Fanta2.jpg

(Illustration by Dan Clowes, courtesy Fantagraphics.)  

As we reported back in March, local publisher Fantagraphics has been embroiled in a lawsuit with California sci-fi

"/>

Fantagraphics Saved From Ellison Menace

Indie publisher avoids financial disaster (for now).

Fanta2.jpg

(Illustration by Dan Clowes, courtesy Fantagraphics.) 

As we reported back in March, local publisher Fantagraphics has been embroiled in a lawsuit with California sci-fi writer Harlan Ellison. He sued for defamation last September, the latest chapter in a conflict now some 27 years old. Fanta co-founder Gary Groth (pictured above) took a hard-line First Amendment position in response, arguing that in a forthcoming oral history of the company, he and others should be able to express their opinions--about Ellison and others--freely. As Groth told me this spring, "There was no reason to refrain from speaking truthfully; that's what the First Amendment is there for. My commitment as a publisher and a journalist is to speak truthfully and not assuage Harlan Ellison's ego."

Well, there's no shortage of ego (and bad blood) on both sides, but apparently their common sense (or lawyers, or shrinking bank accounts) prevailed. The warring camps entered mediation, and a settlement was announced last week. Both parties are keeping mum about the terms, but it wouldn't be unreasonable to guess an exchange of funds was part of the deal. Both parties are also naturally claiming victory on their respective Web sites (see Ellison's for one view, and The Comics Journal for the other).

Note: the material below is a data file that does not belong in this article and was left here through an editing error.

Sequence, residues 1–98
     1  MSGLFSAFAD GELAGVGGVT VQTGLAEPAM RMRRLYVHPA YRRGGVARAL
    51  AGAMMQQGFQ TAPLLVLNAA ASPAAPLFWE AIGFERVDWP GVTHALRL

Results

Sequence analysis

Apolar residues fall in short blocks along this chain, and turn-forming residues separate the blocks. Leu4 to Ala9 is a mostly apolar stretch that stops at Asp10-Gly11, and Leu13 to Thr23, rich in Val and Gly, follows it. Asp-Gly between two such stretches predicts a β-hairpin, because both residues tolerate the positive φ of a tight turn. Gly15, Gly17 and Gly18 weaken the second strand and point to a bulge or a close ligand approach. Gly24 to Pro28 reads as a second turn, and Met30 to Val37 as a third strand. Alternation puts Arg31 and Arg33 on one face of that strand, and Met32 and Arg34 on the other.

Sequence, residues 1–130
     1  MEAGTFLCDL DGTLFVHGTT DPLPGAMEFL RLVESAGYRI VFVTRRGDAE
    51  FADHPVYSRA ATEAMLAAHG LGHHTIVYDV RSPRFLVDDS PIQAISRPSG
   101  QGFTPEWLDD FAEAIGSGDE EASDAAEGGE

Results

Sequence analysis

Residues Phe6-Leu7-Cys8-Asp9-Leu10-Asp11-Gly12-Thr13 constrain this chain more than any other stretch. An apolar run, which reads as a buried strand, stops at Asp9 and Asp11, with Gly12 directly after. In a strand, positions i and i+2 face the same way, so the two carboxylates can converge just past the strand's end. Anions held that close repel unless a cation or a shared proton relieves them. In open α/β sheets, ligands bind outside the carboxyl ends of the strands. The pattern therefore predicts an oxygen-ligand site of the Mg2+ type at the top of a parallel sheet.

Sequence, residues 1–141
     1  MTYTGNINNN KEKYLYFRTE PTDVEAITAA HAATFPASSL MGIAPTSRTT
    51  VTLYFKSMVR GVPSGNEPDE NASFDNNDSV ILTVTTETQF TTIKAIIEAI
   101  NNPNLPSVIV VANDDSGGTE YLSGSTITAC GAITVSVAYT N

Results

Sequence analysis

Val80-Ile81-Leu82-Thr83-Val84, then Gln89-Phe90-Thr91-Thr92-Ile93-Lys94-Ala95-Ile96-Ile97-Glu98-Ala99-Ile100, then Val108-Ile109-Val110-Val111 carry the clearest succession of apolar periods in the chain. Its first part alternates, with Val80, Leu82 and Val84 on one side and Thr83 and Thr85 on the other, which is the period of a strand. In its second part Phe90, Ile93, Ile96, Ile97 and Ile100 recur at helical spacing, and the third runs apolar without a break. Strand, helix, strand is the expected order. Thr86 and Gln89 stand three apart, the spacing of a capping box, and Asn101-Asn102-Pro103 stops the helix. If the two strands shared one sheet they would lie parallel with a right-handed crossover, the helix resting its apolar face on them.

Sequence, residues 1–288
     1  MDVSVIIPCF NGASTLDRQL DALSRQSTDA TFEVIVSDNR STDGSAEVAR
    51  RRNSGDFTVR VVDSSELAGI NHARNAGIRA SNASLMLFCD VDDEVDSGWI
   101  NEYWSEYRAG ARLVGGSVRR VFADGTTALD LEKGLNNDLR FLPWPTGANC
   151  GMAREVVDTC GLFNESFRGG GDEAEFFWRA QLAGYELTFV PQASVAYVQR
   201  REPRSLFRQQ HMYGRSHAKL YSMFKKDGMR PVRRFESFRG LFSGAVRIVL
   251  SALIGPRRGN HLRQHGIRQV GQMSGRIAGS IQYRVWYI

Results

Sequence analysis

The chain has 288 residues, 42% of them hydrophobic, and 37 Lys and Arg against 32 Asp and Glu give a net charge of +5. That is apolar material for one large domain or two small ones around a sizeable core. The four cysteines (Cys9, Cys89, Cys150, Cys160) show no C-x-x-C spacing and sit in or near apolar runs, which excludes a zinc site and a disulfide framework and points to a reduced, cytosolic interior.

Back in March, Groth told me there was no way he'd alter the text of the yet-to-be-published Comics as Art: We Told You So. Indeed, Fanta's Web site still has posted the offending passages in galley form. (See the PDF of Chapter 3, pages 112-119, in which Groth characterizes Ellison as being a guy trying to cheat his way out of paying the legal bills in a libel suit in which these two parties were, ironically, co-defendants.) So removing that language was probably not part of the settlement, and you could thus argue Groth was the victor. You could also probably surmise that victory came with a price tag attached.

What remains to be seen is whether the book actually sells any copies, and if the old adage that there's no such thing as bad publicity holds true or not. One thing's almost certain: As in the past, Ellison shouldn't expect a free review copy of the book from Groth.

 
comments powered by Disqus